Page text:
Schlagwörter

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Die aktuell vier Bücher aus dieser Reihe habe ich einfach nur VERSCHLUNGEN. Sie sind spannend, witzig, originell, gefühlvoll, unterhaltsam und alles, was ich mir von einem Roman wünsche. Sie sind auch der Beweis, dass ein intelligent geschriebenes Buch nicht anstrengend sein muss. Ich kann den 28.2. kaum erwarten, dann erscheint endlich Trail of the Spellmans.

Das rosane Cover der britischen Ausgaben mag den Käufer zu der irrigen Annahme verleiten, dass es sich hier um Chick Lit, kitschige Frauenliteratur, handelt, aber so würde ich keinen dieser Romane klassifizieren. Zwar sind die Romane aus der Perspektive einer jungen Frau geschrieben und Liebe spielt mitunter auch eine Rolle, aber hauptsächlich dreht sich die Handlung um das Familiengeschäft.

Die Eltern Spellman betreiben eine Detektei, Izzy (eigentlich Isabel) arbeitet hier und ihre jüngere Schwester Rae hilft auch engagiert aus, nur ihr scheinbar perfekter Bruder hält sich als Anwalt aus dem Familienbetrieb und Treiben weitestgehend heraus. Die Arbeitsmethoden spielen nämlich auch im Familienleben eine große Rolle: alle leben ihre Paranoia fröhlich aus und bespitzeln sich gegenseitig. Nebenbei ermitteln sie auch noch in teils spannenden Fällen.

Absolut lesenswert, ich LIEBE diese Reihe! Weil ich dem einzigartigen Humor mit meiner Schreiberei hier nicht gerecht werden kann, folgt ein Ausschnitt aus dem ersten Band, The Spellman Files:

Prologue

San Francisco, Night

I duck into the parking garage, hoping to escape. But my boots echo on the slick cement, broadcasting my location to anyone listening. And I know they are listening. I make a mental note to myself not to wear these shoes again if there is a chance I’ll get involved in a pursuit.

I start to run up the spiral driveway of the garage, knowing they’ll never match my pace. The sound of my strained breath now masks the echo of my footsteps. Behind me, I hear nothing.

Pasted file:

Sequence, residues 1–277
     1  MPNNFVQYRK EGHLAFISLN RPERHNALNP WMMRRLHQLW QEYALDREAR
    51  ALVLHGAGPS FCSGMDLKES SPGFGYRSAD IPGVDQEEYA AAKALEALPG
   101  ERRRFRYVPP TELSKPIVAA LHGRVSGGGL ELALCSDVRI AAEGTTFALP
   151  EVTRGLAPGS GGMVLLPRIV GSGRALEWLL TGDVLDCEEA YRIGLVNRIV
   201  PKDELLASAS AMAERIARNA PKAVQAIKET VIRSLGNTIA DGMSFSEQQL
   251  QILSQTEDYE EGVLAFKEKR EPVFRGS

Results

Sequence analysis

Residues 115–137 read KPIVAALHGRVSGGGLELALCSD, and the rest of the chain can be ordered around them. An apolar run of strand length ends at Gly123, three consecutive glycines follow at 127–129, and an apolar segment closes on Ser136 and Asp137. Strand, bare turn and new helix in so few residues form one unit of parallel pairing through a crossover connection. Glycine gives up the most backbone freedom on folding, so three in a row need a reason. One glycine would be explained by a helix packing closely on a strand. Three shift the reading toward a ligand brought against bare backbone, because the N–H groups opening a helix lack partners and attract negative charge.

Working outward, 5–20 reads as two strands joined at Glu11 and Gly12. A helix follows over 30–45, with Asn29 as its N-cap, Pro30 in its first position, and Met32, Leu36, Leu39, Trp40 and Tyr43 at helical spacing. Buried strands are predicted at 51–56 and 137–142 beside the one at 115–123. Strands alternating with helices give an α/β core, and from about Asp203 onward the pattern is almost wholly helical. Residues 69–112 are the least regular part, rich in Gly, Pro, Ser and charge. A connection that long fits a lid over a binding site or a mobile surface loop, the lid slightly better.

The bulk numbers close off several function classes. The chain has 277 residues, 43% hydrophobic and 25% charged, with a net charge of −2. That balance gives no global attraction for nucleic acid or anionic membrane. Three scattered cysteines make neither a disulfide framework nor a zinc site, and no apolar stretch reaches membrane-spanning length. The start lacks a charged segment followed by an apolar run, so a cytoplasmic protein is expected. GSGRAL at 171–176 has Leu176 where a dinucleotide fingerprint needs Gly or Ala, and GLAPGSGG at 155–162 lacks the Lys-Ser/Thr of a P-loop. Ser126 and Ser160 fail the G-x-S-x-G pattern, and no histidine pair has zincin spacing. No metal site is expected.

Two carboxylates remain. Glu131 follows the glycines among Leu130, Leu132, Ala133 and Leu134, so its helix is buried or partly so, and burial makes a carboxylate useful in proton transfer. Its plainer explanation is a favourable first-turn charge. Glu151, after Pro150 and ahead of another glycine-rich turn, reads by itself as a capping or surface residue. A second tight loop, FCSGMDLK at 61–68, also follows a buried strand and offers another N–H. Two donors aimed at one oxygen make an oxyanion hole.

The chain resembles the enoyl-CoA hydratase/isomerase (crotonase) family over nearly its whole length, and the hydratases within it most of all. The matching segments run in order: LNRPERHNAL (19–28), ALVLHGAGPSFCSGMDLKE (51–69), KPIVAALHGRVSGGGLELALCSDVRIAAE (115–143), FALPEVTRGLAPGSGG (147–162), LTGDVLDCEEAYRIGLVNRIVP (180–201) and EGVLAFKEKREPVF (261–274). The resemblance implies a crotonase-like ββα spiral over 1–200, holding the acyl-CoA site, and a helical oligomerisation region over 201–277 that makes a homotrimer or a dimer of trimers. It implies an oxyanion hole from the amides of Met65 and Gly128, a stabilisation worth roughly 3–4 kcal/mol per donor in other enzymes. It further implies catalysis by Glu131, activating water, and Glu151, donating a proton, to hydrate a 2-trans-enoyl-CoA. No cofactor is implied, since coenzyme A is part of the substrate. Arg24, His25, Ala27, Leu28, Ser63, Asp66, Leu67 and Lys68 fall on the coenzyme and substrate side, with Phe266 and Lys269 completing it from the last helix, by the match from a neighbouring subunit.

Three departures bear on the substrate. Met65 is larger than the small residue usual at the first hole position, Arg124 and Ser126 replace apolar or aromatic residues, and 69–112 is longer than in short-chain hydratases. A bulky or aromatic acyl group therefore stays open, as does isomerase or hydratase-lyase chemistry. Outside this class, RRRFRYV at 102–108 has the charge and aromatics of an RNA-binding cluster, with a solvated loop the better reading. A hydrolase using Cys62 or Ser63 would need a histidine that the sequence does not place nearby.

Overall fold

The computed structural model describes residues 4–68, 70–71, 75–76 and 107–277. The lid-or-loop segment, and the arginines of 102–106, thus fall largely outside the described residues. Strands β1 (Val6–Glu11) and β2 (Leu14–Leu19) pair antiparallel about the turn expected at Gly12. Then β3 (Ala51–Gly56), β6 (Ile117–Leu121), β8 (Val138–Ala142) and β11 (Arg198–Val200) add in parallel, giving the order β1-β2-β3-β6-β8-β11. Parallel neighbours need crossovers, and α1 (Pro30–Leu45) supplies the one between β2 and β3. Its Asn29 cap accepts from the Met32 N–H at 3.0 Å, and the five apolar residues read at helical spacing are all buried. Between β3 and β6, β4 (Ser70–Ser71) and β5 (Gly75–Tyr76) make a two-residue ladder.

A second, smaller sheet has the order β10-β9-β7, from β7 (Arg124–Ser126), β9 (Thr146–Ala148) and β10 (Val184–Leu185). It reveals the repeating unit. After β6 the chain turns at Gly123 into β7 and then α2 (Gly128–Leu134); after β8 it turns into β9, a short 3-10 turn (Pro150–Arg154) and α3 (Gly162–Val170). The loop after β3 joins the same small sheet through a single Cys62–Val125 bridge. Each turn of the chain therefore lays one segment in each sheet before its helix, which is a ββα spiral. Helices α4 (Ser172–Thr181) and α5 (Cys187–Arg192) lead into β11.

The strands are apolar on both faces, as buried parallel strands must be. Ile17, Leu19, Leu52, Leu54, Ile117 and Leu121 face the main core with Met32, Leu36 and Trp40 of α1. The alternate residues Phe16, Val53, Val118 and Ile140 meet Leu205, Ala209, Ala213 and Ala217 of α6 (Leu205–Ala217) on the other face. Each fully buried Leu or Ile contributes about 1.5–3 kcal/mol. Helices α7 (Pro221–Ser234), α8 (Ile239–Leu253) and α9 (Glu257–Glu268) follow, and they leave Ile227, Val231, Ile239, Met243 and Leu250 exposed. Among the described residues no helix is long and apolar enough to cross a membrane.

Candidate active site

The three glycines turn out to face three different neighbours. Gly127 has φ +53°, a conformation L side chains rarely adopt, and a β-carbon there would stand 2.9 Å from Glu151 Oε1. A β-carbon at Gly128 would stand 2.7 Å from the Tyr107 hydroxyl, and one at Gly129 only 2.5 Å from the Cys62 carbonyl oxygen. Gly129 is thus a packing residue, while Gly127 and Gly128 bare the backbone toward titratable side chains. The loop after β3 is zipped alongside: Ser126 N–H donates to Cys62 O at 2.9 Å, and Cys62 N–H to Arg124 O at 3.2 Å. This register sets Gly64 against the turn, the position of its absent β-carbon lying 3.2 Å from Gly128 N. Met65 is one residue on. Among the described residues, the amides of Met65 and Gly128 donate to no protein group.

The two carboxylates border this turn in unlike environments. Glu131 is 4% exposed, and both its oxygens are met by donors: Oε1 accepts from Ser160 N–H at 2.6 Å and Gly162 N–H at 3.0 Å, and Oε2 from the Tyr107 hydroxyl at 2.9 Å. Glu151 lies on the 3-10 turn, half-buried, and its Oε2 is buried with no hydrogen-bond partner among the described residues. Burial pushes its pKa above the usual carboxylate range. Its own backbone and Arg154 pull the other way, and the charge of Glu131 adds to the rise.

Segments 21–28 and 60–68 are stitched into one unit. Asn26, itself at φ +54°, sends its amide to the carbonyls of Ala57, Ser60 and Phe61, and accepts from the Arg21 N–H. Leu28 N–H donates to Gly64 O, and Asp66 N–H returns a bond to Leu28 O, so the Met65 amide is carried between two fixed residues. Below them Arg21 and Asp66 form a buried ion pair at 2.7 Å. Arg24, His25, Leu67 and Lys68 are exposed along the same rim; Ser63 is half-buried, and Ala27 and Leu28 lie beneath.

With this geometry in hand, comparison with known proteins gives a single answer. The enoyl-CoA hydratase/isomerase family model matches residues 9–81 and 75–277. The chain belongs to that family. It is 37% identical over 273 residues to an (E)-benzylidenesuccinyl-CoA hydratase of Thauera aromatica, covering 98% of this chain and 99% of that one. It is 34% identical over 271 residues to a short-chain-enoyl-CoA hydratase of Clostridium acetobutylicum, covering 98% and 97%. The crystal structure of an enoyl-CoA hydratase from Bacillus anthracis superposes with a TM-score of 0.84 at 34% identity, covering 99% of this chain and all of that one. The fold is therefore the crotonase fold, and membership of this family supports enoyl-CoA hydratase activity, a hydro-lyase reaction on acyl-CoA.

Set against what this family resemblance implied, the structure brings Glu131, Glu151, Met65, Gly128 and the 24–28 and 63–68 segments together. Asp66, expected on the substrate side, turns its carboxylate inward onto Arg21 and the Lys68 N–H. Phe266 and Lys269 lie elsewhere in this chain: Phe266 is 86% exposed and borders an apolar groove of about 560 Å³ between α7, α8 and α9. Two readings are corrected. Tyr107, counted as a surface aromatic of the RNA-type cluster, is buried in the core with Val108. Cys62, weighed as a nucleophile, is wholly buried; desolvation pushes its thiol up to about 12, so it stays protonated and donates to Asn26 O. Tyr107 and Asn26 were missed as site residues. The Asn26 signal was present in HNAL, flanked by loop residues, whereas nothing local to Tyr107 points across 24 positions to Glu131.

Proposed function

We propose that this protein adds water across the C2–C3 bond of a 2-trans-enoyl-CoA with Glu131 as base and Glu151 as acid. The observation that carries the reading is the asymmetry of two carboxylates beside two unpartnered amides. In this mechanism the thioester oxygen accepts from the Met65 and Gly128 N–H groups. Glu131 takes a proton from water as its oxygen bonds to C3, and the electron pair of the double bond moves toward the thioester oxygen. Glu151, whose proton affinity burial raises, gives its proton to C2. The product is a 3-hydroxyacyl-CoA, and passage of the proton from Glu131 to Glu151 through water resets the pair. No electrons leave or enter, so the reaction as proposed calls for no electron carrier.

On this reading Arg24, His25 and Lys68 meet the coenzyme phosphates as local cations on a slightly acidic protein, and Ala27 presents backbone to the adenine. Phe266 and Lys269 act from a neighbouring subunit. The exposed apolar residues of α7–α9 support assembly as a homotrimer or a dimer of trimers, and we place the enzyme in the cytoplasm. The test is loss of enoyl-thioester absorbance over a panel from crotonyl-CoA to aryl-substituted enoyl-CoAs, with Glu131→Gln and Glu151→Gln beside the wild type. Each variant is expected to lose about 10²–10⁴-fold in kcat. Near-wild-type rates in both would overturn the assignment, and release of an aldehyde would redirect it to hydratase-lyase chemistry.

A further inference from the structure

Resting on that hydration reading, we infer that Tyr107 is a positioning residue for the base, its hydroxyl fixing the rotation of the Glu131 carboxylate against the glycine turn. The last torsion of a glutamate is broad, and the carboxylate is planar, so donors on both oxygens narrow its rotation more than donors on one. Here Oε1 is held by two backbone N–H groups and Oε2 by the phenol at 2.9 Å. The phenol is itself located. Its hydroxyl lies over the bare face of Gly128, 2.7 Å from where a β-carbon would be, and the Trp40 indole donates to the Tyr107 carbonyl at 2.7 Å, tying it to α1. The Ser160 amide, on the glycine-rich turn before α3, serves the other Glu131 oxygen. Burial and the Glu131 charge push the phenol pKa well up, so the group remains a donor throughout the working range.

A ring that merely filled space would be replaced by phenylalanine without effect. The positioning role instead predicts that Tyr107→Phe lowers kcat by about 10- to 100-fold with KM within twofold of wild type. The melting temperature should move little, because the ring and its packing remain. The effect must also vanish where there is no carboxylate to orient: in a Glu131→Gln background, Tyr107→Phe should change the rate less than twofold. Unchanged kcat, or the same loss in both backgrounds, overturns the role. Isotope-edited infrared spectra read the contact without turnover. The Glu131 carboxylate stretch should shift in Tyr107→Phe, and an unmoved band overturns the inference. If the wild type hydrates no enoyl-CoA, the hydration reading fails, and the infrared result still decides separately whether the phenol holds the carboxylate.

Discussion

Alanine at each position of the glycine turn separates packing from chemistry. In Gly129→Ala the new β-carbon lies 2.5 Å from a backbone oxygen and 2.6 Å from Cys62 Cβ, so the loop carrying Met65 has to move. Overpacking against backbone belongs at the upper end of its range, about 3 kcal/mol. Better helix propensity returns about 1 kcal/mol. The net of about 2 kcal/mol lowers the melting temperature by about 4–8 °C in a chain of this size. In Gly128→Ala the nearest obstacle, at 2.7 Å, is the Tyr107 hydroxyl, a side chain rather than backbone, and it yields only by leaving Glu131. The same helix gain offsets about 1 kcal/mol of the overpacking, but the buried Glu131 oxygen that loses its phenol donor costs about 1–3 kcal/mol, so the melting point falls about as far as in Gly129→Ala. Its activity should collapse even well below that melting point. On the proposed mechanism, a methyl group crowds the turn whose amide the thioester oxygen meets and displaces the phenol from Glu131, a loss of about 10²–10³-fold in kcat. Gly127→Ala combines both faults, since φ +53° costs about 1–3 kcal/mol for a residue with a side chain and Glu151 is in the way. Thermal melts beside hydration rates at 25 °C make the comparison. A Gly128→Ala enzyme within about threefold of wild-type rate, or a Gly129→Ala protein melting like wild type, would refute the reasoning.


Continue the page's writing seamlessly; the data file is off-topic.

I stop in my tracks to listen more closely. One car door, then another, shuts and an engine turns over. I try to predict their next move as I scan the lot for Daniel’s car.

Then I spot it — a midnight blue BMW — eclipsed on either side by two enormous SUVs. I rush to the newly waxed four-door sedan and put the key in the lock.

The scream of the car alarm hits me like a punch in the stomach. I’m breathless for a moment as I recover. I had forgotten about the security system. I drive a twelve-year-old Buick that unlocks with a freakin‘ key! the way it’s supposed to.

My thumb fumbles with the remote device until the siren stops. I can hear the other car inching up the driveway, moving slowly just to torture me. I finally press the button that unlocks the door.

Car Chase #3

The nondescript Ford sedan cuts past my vehicle, giving me enough time to screech out of the parking space before it blocks my path down the driveway. As I zoom out of the garage, I check my rearview mirror and see the Ford right on my tail.

I shoot across the street, making a sharp left. My foot hits the floor. I am surprised by the smooth, rapid acceleration of the luxury vehicle. I realize there are reasons people buy these cars beyond concerns of vanity. I remind myself not to get used to it.

The speedometer reads 50 mph in no time flat. The Ford is about a hundred meters back, but closing in. I slow down to get them close on my tail and then overshoot the right turn onto Sacramento Street, but they know all my tricks and stay right behind me.

Speeding over two hills, the BMW, followed by the Ford, reaches downtown in record time. I check the fuel gauge. Maybe an hour of high-speed driving left. I turn right into an alley and sweep through to the other side, making a left turn onto a one-way street, going the wrong way. Two cars sound their horns and careen out of my trajectory. I check my mirror, expecting to have made some headway, but I can’t shake them.

Driving south of Market Street, I accelerate one last time, more as an act of showmanship than an attempt to escape. I follow it up by slamming on my brakes. I do it just to rattle them, just to remind them that I am still in control.

The Ford screeches to a halt about ten feet behind the BMW. I turn off the ignition and take a few deep breaths. I casually get out of the car and walk over to the sedan.

I knock on the driver’s-side window. A moment passes and the window rolls down. I put my hand on the hood of the car and lean in just a bit.

„Mom. Dad. This has to stop.“

Copyright © 2007 Lisa Lutz

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